SUFFERING SEEN THROUGH THE LENS OF SCRIPTURE

Vaneetha Risner’s The Scars That Have Shaped Me   I am not defined by what people have done or said to me. I am defined by who I am in Christ. God uses all of our suffering for our joy and for his glory. God’s refusals are always his mercies. When my life spins out of control, I need to remember God’s absolute sovereignty. It comes down to trust. Will I trust my circumstances that constantly change, or God who is unchanging? God sees our lowest moments as our spiritual highs because that’s when he is doing the deepest work in us. The most precious answer God can give is to wait. It makes me cling to him rather than to an outcome. Anything that makes me dependent on God is a good thing, perhaps the best thing.   Pious Platitudes or Timeless Truths? Often, when I read remarks of that sort, they come across as glib spirituality, unrealistic bromides offered by someone who hasn’t been burned by the flames of real affliction. But when these statements spring from the mind and heart of Vaneetha Risner, that’s patently not the case. Those are just a few of the sentences that …

DEPRESSION STATISTICS AREN’T NUMBERS, THEY’RE PEOPLE

The Prevalence and Symptoms of Major Depression Usually sanguine, sixteen-year-old Chad started locking himself in his room more often, texting and calling his friends far less frequently, and attending fewer school and church social functions. He’s sleeping more, even napping during the day for the first time in years. His recent report card revealed at least a letter-grade drop in every subject but one. He’s prone to snap at his younger siblings, and vents hostility toward his parents that’s exaggerated for the occasion. Even one of Chad’s teachers told his mom, “He isn’t the same boy who started the year in my class. It’s as if he doesn’t care anymore.” If they could see inside him, they’d realize that not even Chad grasps what’s happening. He can’t point to a precipitating circumstance for the downward spiral in his mood. He can’t explain why he’s often sad, or why he wrote a poem about dying last week (which no one else has read). Depression Among Young People If 35-40 middle and high school kids attend your church, two or three probably identify with Chad’s depression, though not all depressed persons exhibit the same precise symptoms. Various studies show that anywhere from …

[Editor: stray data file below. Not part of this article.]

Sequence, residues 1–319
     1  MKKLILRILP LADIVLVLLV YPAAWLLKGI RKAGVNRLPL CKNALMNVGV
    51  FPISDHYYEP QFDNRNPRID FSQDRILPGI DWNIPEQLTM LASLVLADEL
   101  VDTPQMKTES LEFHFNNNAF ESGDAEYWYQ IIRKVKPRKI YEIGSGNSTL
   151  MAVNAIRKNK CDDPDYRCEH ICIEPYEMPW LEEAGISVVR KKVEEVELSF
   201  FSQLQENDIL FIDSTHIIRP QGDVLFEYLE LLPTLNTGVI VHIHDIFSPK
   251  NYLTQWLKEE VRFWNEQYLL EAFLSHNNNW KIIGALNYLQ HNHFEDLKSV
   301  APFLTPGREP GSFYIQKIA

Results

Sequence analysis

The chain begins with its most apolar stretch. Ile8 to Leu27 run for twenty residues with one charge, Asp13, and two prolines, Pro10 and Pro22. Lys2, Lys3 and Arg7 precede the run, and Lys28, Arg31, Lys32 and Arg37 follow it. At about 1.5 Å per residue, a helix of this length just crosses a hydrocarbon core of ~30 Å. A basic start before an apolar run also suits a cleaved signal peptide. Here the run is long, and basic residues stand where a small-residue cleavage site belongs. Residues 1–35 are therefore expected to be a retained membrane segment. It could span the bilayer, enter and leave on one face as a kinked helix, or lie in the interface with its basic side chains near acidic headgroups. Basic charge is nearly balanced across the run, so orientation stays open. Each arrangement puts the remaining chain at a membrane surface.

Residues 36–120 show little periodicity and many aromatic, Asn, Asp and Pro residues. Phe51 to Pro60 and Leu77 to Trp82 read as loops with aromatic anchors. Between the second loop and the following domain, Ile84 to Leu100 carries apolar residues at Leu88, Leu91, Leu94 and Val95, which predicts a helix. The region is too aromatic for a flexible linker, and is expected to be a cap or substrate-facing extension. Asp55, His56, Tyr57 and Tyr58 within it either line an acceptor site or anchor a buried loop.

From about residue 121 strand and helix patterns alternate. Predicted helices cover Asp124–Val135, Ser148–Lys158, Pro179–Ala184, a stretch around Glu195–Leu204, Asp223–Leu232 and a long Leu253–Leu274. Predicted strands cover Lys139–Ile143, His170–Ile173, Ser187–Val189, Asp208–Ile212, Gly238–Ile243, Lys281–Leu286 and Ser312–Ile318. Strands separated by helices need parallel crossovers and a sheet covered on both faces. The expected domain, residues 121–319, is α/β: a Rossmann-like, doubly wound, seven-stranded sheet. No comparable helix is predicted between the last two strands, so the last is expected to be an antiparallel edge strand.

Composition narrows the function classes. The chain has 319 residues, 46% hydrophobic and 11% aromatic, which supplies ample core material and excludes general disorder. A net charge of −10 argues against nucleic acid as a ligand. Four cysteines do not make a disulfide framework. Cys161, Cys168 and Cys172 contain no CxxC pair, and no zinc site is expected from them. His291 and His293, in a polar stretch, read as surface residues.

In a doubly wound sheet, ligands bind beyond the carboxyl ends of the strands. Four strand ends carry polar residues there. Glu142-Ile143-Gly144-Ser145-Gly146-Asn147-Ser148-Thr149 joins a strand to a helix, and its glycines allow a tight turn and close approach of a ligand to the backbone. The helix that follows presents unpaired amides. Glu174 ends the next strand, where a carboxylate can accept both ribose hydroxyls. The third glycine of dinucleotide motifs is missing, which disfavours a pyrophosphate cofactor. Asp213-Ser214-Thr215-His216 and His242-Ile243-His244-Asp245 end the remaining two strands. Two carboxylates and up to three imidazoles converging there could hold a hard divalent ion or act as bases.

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What Does It Look Like in the Dark?

My first recollection of it occurred on the back porch steps of my rural home in North Carolina. Nine or ten years old, I slumped, cried aloud for what seemed like an hour, tears cascading down my cheeks onto the steps, obscuring my view of the sun setting behind a mountain. An overwhelming sadness, a deep-seated loneliness, enveloped me. At the time, I couldn’t put a label on my emotional state nor identify a reason for the hurt. *** Like any other hormone-crazed high school male, I wanted to date. Yet I never asked a girl out. Instead, I often cried myself to sleep, wishing I could be more “normal” and confident. Why bother to ask when I knew she’d reject me? The poor self-image, coupled with low grades that fell far short of my academic potential, instilled self-loathing and a daily barrage of accusatory self-talk. More than once, I balled my fists and whammed my head repeatedly until I couldn’t take the pain anymore. *** I stood with the rest of the congregation for a familiar hymn. Except mouthing the words took a herculean effort. My heart felt numb and parched. I felt out of place in the midst …